Foursquare: It's Time to Be Open About Metrics
Foursquare Needs to Be Transparent If It Wants to Be Taken Seriously by Marketers
After five years of obfuscation, it's time for Foursquare to decide if it's going to be a real media company, one worthy of marketers' attention. The lesson for Foursquare and its peers on the sell side is simple: Be open and transparent if you want to be taken seriously.
Foursquare has refused to release its metrics on monthly active users (MAUs) since it launched in 2009. I should know, as I've asked them repeatedly while representing two different agencies. Then I had an exchange with Foursquare, which I told I was considering writing this column. I'm still no closer to an answer.
What prompted all this was a message Foursquare sent to its first million users about a forthcoming update to the app, described publicly on its blog. The missive noted, "You've seen us grow from a tiny project to a 50,000,000-strong community." The zeroes seems to carry a hint of self-aggrandization, and something seemed off, as did its liberal use of the word "community." Who is really using it now?
In an email exchange about MAUs, Foursquare said it doesn't share those, or specific country-by-country breakdowns. The geographical issue remains equally troubling for marketers -- it should be one of the first questions buyers ask, along with requesting MAUs. I also brought up the 50 million figure, and Foursquare said more than 50 million people have downloaded their apps since Foursquare began in 2009.
I had further questions, such as whether Foursquare could confirm that 50 million referred to unique individuals as opposed to app installs. It's hardly about semantics. I have probably installed Foursquare on 10 different devices over the past five years, and at least two operating systems (iOS and Android), so does that mean I am counted once, twice or ten times among the 50 million?
Foursquare, the perk of being a private company -- being able to keep certain info to yourself -- only works until you are targeting marketers, and it is holding back the most basic information that advertisers need. If a company can spend five years thinking it doesn't need to share this, it's deluded. Meanwhile, Foursquare won't confirm whether its lifetime number refers to installs or true unique users. Just what is Foursquare trying to hide? It should be transparent with marketers, show the value of what it can be used for, and talk about the plans for growing its user base.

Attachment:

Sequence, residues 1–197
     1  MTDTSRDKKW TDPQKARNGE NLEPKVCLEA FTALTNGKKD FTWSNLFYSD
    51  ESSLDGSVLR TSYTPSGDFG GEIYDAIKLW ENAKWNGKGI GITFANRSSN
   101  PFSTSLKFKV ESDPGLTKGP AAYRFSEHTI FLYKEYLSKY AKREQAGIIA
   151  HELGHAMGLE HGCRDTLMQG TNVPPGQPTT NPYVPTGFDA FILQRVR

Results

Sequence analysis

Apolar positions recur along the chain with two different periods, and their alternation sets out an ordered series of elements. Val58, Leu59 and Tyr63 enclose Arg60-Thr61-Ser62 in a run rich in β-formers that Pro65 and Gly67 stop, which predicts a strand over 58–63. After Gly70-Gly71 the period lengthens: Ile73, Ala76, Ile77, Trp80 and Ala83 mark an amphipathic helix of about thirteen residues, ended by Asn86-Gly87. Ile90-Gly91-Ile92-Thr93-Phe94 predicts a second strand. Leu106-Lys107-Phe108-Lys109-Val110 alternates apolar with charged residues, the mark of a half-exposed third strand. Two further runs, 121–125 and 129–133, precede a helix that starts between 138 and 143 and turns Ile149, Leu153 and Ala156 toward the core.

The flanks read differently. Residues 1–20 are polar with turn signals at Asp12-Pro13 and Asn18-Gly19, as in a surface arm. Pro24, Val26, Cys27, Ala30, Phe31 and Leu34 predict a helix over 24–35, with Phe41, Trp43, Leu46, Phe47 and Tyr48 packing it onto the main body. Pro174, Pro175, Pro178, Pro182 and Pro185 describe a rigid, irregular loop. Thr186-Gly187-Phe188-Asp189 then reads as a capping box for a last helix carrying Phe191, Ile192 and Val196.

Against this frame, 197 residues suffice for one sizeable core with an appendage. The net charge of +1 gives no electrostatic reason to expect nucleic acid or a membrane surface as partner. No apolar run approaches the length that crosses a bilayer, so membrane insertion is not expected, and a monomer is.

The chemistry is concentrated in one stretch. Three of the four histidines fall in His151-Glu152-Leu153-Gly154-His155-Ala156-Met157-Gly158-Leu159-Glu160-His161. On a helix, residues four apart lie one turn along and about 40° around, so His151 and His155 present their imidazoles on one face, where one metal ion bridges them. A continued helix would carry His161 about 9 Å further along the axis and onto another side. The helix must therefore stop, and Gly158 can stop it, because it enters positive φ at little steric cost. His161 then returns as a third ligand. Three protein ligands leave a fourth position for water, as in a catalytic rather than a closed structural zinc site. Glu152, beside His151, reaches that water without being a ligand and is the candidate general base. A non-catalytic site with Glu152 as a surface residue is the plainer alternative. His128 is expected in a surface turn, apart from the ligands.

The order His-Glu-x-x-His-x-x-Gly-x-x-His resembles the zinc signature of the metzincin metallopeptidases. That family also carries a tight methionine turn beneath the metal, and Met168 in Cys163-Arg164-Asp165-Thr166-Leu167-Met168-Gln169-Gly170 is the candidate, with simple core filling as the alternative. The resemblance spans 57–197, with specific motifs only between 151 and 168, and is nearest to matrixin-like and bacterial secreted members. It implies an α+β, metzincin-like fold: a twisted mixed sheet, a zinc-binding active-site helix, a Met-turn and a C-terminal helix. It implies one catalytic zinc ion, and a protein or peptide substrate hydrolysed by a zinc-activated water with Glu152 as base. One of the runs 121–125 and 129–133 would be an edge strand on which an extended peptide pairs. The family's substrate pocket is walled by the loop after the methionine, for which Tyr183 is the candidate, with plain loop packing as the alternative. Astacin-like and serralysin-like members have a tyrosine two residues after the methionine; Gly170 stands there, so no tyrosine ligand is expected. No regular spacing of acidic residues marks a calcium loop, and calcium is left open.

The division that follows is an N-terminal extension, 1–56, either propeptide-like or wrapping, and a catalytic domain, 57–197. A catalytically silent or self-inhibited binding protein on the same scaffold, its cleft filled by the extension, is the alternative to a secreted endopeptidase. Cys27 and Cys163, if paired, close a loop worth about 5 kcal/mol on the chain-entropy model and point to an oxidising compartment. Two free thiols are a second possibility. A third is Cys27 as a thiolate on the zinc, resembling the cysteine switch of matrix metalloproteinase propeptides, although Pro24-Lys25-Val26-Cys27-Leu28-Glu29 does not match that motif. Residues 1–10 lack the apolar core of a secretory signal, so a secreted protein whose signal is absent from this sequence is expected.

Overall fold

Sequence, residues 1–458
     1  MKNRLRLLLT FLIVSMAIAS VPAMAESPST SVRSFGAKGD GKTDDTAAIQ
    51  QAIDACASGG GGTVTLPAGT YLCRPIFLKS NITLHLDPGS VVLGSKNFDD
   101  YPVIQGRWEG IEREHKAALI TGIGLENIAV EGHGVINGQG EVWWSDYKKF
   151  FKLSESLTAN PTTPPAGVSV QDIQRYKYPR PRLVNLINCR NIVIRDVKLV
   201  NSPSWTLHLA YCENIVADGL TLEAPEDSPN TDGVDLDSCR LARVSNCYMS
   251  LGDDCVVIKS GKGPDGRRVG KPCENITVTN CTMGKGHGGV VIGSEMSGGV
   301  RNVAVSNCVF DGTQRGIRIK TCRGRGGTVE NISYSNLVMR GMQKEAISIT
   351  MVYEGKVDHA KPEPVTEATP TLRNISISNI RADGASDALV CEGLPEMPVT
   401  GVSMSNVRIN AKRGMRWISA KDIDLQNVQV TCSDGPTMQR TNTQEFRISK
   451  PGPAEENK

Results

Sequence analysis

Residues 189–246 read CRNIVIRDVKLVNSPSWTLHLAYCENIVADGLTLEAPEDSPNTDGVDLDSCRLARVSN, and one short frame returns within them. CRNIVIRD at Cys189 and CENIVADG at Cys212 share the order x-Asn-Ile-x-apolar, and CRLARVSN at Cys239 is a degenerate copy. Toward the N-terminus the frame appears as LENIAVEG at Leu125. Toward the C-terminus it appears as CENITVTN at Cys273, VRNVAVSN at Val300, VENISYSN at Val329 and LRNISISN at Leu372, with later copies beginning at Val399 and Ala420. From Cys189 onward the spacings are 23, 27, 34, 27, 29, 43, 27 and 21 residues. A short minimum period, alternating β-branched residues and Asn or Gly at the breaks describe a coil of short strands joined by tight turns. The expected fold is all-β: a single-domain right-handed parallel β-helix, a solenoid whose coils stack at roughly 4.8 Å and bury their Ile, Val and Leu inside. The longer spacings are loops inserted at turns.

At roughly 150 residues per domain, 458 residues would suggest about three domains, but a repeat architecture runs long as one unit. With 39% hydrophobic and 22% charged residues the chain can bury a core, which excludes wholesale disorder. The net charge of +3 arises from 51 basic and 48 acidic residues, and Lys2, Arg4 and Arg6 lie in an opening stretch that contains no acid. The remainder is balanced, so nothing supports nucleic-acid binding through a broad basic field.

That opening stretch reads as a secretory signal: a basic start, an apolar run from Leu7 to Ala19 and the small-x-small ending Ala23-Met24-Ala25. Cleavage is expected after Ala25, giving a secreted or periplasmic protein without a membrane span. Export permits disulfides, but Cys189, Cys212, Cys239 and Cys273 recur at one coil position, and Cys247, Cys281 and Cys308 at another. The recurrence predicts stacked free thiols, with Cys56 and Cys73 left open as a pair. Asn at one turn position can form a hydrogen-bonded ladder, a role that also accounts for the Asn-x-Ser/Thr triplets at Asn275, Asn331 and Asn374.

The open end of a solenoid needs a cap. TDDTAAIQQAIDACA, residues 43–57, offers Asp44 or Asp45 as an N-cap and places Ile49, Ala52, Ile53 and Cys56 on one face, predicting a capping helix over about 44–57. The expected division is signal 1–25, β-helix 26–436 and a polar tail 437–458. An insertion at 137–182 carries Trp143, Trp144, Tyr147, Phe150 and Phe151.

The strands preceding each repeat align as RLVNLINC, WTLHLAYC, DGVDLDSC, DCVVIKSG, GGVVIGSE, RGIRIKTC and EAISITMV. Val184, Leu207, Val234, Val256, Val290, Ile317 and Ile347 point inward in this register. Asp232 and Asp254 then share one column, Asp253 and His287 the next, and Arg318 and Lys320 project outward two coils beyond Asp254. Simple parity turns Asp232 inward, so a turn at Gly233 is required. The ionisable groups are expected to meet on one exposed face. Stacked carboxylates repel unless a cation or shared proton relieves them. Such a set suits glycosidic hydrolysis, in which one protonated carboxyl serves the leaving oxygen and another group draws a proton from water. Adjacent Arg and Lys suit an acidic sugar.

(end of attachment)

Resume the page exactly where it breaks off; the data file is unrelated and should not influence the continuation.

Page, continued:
Marketers shouldn't accept the status quo. In fact, marketers should be wary of conducting anything more than a pilot with a media company without that basic MAU and geographic information. This isn't some secret project run by the Defense Department or Elon Musk; this is a company that has been courting the press and marketers for half a decade. In that time, Facebook and Twitter went public, Pinterest and Snapchat launched and garnered multi-billion-dollar valuations, and social media acquisitions have included Tumblr, WhatsApp, Instagram, and so many others. Facebook even acquired Gowalla, once billed as Foursquare's top competitor, back in 2011.
Foursquare, meanwhile, seems to have idled. All the while, Foursquare has developed some compelling marketing offerings for local advertisers, whether small businesses or global advertisers looking to drive people to local stores. Broader campaigns for major brands, also running on Foursquare, don't yet seem to be in its sweet spot.
Marketers, go ahead and run tests even without a lot of basic information. If a media property is brand new, great; it shouldn't have to disclose much as long as it sets expectations. Find a partner with a relevant offering and get something in the market. Even a company with a massive audience such as Snapchat can take its time releasing user data until it rolls out a well-defined offering targeting brands. If a company like WhatsApp doesn't want to work with advertisers at all (as was its founder's stance before joining Facebook), it doesn't have to reveal anything at all.
Yet marketers should reward transparency and push back against obfuscation from companies that have been courting their attention, love, and money for years. If basic information isn't forthcoming, there are alternatives. For marketers who need MAUs and other data for pilots, go on sites like AngelList, Crunchbase, Industry Index, or Partnered, and connect with more willing companies.
The free ride has to end somewhere, and a five-year anniversary seems like a great time to move on. I will try Foursquare's app update and keep using Swarm, but Foursquare needs to finally earn my trust as someone representing marketers.